Last offered: Autumn 2014

HISTORY 382G: Israel from the Margins

Although secular, European Jews form a minority of the population of the State of Israel, and its history is typically narrated and interpreted from that perspective. Israel looks like a rather different place if it is seen and understood from the point of view of Middle Eastern and North African Jews,including those indigenous to the country before the advent of the modern Zionist movement, orthodox and ultra-orthodox Jews, Palestinian Arabs (nearly twenty percent of Israel's population today), migrant workers (about 200,000), and women. This course does not suggest that their perspectives are necessarily more real or true, only that an understanding of Israel that does not adequately consider them is necessarily false.

HISTORY 383: Middle East Oil and Global Economy (HISTORY 283)

The class studies Middle East oil in the global economy using the method of political economy. Topics addressed include: origins of the Middle East oil industry; the Seven Sisters international oil cartel; Aramco and the U.S.-Saudi alliance; the post-World War II petroleum order; petroleum, the crisis of 1971-82, and the rise of a new regime of capital accumulation regulated neo-liberal economic orthodoxy and "Washington Consensus" policies- commonly referred to as "globalization" since the 1990s.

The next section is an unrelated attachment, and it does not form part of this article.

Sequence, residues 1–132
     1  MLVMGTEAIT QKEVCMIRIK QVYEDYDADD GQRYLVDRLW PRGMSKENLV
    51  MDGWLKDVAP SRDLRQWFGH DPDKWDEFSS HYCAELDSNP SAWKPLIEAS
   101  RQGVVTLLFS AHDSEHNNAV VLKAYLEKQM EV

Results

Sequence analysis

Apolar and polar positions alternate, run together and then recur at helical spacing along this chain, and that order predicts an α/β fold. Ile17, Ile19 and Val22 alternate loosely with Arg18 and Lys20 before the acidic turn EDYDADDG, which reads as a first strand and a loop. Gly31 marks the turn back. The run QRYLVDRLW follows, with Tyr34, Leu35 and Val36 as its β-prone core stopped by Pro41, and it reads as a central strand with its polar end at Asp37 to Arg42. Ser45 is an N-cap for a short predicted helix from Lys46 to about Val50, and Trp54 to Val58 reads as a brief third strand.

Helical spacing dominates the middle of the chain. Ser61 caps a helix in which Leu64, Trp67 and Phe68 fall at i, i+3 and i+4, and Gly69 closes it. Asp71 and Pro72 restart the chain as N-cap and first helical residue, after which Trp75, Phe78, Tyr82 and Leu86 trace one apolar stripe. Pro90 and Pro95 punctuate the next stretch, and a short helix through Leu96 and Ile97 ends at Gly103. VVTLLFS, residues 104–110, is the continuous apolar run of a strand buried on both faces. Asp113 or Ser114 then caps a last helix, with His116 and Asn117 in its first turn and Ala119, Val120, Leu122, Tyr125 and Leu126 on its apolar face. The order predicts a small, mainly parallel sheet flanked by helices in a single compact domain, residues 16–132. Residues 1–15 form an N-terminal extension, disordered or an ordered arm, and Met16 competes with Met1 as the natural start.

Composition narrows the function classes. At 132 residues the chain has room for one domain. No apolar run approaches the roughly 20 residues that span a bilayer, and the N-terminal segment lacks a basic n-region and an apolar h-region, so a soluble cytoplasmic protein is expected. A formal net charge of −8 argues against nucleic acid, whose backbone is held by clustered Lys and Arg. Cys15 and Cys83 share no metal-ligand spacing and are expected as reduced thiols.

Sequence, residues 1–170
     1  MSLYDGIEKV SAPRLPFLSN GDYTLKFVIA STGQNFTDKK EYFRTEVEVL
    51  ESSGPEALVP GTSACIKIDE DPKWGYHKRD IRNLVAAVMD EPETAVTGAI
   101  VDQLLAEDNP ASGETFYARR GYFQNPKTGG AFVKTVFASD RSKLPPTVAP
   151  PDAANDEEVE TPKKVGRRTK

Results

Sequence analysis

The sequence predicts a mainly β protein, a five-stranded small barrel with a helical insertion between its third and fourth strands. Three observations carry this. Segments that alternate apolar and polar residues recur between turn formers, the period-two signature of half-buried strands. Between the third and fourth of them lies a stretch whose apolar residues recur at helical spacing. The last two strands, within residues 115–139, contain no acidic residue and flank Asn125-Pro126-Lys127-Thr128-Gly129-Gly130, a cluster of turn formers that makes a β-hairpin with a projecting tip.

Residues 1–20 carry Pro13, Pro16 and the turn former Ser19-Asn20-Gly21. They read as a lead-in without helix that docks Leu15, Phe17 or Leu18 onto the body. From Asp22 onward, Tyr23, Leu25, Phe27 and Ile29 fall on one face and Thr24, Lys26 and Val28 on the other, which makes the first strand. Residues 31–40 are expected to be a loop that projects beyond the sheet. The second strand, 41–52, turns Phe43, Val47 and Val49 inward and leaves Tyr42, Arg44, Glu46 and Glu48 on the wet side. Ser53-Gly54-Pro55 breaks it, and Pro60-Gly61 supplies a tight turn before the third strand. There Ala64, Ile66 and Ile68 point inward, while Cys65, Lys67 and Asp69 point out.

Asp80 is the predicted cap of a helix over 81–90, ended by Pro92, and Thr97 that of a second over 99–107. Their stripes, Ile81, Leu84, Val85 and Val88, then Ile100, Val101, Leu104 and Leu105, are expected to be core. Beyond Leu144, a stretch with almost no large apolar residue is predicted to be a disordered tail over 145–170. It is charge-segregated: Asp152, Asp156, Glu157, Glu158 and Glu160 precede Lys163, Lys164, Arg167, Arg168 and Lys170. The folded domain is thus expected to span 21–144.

Terms: Win | Units: 4-5
Instructors: Beinin, J. (PI)

HISTORY 383G: Place, Nature, and Life: Production of Space in European and Muslim History (HISTORY 283G)

How did people experience, produce and imagine their physical and spiritual environment, their past and future, their immediate places and far geographies, life and afterlife in Europe and the Muslim Eurasia throughout history? How did political, legal and economic organizations configure and claim spaces in different time and geographies in Europe and the Muslim world? In addition to various case studies, primary texts and visual depictions, the theoretical framework of discussions will be based on texts by Lefebvre, Foucault, Soja, de Certeau, Yi-Fu Tuan, J.B. Jackson, Casey, Harvey.

HISTORY 384F: Empires, Markets and Networks: Early Modern Islamic World and Beyond, 1500-1800 (HISTORY 284F)

Focuses on political regimes, economic interactions and sociocultural formations in the early modern Balkans and Middle East to Central and South Asia. Topics include complex political systems of the Ottoman, Safavid and Mughal empires; experiences of various Muslim, Christian, Jewish and Hindu, as well as urban, rural and nomadic communities; consolidation of transregional commerce and cultural exchange; incorporation of the Islamic world in the global economy; transimperial networks of the Muslim and Non-Muslim merchants, scholars and sufis.
Last offered: Autumn 2014
Filter Results:
term offered
updating results...
teaching presence
updating results...
number of units
updating results...
time offered
updating results...
days
updating results...
UG Requirements (GERs)
updating results...
component
updating results...
career
updating results...
© Stanford University | Terms of Use | Copyright Complaints